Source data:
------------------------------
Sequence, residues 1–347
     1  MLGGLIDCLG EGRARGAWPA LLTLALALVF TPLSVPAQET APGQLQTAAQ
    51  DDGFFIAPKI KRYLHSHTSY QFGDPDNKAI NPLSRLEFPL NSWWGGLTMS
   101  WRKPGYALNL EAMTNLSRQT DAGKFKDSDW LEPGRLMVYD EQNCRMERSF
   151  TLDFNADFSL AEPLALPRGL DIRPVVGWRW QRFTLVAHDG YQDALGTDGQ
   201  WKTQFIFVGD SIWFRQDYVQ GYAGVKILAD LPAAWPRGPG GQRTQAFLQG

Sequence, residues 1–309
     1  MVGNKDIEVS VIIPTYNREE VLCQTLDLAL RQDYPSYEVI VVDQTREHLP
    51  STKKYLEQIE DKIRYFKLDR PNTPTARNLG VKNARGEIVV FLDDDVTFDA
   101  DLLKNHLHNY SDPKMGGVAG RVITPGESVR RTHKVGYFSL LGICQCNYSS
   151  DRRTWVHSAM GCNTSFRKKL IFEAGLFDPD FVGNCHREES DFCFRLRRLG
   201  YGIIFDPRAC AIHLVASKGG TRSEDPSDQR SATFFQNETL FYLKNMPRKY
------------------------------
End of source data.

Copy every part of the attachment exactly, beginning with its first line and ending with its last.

Sequence, residues 1–347
     1  MLGGLIDCLG EGRARGAWPA LLTLALALVF TPLSVPAQET APGQLQTAAQ
    51  DDGFFIAPKI KRYLHSHTSY QFGDPDNKAI NPLSRLEFPL NSWWGGLTMS
   101  WRKPGYALNL EAMTNLSRQT DAGKFKDSDW LEPGRLMVYD EQNCRMERSF
   151  TLDFNADFSL AEPLALPRGL DIRPVVGWRW QRFTLVAHDG YQDALGTDGQ
   201  WKTQFIFVGD SIWFRQDYVQ GYAGVKILAD LPAAWPRGPG GQRTQAFLQG

Sequence, residues 1–309
     1  MVGNKDIEVS VIIPTYNREE VLCQTLDLAL RQDYPSYEVI VVDQTREHLP
    51  STKKYLEQIE DKIRYFKLDR PNTPTARNLG VKNARGEIVV FLDDDVTFDA
   101  DLLKNHLHNY SDPKMGGVAG RVITPGESVR RTHKVGYFSL LGICQCNYSS
   151  DRRTWVHSAM GCNTSFRKKL IFEAGLFDPD FVGNCHREES DFCFRLRRLG
   201  YGIIFDPRAC AIHLVASKGG TRSEDPSDQR SATFFQNETL FYLKNMPRKY